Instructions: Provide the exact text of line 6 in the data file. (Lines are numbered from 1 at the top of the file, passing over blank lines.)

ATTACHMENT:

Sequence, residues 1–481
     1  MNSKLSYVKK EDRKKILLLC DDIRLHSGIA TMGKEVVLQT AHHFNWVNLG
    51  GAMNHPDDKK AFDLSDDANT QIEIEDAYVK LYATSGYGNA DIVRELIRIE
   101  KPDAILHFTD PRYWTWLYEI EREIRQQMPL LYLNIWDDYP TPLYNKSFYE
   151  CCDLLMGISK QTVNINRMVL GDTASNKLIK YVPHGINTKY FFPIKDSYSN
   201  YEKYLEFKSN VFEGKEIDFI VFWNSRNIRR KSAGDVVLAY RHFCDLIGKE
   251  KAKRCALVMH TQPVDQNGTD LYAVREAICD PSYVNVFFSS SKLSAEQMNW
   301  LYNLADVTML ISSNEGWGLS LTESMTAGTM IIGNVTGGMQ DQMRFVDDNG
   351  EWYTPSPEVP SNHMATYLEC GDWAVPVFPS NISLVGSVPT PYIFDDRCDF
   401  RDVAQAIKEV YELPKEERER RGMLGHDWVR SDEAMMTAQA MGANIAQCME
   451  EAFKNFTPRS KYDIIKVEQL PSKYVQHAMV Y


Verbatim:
   201  YEKYLEFKSN VFEGKEIDFI VFWNSRNIRR KSAGDVVLAY RHFCDLIGKE